Hasn’t this already happened in some cities in California?

Sure has! We have seen the passing of comprehensive single-use plastics legislation in Berkeley, Santa Monica, and Manhattan Beach. There have also been strong plastics ordinances passed all over the state that focus on everything from single-use plastic straws to plastic foam to-go containers. A statewide act will help to strengthen already existing local legislation and give the rest of the state the incentive it needs to reduce its waste.

I’m on board! What can I do to help get this legislation passed?

We are stoked to hear you want to help! Throughout the next year, these new bills will be heard by multiple committees and by the state houses. Both bills have already moved through their first committee hearing and passed!

Now, the best thing you can do is let your state representatives know you support these bills. Sign our Plastic Petition urging the California Senate and Assembly to fast-track the approval of the California Circular Economy and Plastic Pollution Reduction Act. Call, email or write a letter to your representatives and let them know about these bills and why you support this proposed legislation. Find your representative.

And if you live in the City of Los Angeles, please contact your City Council Member and tell them you support this State legislation and want to see something similar in the City of L.A. There is some movement at the City of L.A. to enact similar legislation, but we need more voices to push it along.

Lastly, take the Plastic Pledge and spread the word! The more support this legislation gets from local communities, businesses, organizations, and people like you, the more likely it will be passed. Raise your voice and stay tuned for updates.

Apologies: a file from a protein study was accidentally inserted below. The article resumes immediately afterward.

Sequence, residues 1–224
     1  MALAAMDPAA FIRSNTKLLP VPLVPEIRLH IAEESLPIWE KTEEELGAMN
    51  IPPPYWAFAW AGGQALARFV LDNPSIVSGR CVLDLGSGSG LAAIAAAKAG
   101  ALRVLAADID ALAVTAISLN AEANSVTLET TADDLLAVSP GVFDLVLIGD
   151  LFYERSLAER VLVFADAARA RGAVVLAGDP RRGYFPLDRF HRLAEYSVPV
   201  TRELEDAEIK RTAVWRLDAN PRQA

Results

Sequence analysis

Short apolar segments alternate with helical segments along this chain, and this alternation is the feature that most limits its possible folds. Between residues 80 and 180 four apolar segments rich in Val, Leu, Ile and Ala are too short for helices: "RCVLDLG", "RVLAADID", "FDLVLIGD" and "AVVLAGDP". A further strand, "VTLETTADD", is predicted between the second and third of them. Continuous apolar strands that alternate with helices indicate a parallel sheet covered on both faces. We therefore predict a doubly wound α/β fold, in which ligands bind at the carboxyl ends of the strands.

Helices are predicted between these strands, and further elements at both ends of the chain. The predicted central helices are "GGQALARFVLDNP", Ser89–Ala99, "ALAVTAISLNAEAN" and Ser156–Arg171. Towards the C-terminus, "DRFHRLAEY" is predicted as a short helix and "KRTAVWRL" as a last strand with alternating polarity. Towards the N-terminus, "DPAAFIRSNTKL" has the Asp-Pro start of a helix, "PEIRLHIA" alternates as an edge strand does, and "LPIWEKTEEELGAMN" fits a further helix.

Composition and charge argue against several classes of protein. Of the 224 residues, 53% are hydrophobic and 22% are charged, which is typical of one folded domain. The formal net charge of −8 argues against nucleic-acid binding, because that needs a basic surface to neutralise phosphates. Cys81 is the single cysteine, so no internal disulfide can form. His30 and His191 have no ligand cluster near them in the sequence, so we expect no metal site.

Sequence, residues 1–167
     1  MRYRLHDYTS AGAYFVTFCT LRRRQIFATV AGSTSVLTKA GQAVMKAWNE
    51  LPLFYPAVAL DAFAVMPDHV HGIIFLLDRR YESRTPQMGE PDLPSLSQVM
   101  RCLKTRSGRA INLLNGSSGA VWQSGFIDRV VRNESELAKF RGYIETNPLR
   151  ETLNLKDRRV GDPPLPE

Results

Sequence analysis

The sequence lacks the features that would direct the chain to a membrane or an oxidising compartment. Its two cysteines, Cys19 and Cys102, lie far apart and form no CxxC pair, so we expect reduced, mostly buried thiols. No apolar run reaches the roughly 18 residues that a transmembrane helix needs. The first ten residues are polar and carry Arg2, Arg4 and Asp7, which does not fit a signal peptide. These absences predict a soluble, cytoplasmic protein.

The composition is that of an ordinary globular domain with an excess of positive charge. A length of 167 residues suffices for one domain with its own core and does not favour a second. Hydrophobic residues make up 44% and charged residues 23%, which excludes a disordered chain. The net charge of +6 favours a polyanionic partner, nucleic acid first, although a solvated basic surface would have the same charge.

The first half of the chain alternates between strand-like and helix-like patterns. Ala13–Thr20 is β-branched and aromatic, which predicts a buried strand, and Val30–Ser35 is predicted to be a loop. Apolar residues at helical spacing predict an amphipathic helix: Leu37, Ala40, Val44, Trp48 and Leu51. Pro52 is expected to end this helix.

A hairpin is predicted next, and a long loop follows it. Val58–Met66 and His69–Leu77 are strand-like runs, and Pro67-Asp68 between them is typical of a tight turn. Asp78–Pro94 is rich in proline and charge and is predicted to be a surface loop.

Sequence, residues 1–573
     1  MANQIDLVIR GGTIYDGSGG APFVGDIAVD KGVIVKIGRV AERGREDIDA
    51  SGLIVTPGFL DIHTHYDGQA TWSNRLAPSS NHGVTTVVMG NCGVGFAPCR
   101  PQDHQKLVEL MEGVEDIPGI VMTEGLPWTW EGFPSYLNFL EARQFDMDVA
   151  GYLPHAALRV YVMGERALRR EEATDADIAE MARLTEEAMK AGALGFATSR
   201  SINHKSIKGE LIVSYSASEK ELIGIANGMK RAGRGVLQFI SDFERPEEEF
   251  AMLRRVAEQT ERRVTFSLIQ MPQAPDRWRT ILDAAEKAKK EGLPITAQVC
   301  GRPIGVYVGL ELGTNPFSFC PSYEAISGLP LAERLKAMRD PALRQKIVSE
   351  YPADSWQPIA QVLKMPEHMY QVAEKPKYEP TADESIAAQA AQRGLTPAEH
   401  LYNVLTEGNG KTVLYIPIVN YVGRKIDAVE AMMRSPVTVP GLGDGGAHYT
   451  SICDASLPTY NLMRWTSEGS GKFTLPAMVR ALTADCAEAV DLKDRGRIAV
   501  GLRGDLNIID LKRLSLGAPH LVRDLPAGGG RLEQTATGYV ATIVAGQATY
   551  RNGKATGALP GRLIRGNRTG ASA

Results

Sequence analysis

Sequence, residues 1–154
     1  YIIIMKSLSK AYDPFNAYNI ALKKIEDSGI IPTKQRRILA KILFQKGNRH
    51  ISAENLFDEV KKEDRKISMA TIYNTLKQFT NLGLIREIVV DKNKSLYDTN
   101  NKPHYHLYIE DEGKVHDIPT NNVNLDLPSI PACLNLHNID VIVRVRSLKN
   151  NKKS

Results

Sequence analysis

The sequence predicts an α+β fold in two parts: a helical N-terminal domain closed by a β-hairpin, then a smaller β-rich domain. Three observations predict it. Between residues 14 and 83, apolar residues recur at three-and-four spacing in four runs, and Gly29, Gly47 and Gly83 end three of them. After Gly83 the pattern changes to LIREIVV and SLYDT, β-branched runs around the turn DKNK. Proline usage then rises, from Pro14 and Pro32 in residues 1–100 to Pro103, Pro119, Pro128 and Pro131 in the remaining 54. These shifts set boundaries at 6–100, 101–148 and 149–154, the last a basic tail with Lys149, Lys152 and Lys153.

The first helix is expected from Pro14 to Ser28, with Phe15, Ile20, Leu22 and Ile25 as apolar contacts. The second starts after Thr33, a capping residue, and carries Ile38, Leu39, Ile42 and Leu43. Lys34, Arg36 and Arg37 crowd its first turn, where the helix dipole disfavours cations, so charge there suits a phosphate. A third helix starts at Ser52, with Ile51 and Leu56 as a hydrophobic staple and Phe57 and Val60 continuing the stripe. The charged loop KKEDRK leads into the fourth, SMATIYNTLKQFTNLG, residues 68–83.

Plastic Pollution Reduction - Heal the Bay

Here’s a snapshot of one of the biggest issues facing our oceans and waterways – and what you can do to make a difference.

Take the Plastic Pledge

It’s estimated that there will be more plastic by mass than fish in the world’s oceans by 2050. This Earth Month, Heal the Bay is launching the Plastic Pledge campaign. You can get started today by refusing single-use plastic and replacing one product or service with a safer and cleaner alternative.

Here’s how it works in 3 simple steps:

1. Complete this statement:  I Pledge to ________ .

Here are some sample Plastic Pledges from the Heal the Bay team:

  • I Pledge to shop local instead of buying from Amazon.
  • I Pledge to drink from a reusable cup.
  • I Pledge to carry a reusable shopping bag.
  • I Pledge to use metal (or reusable) straws only.
  • I Pledge to encourage my favorite restaurants to go plastic-free.

2. Make it known:

Download this template, customize it, and share it on social media! Tag us @healthebay and use #healthebay so we can re-share your post!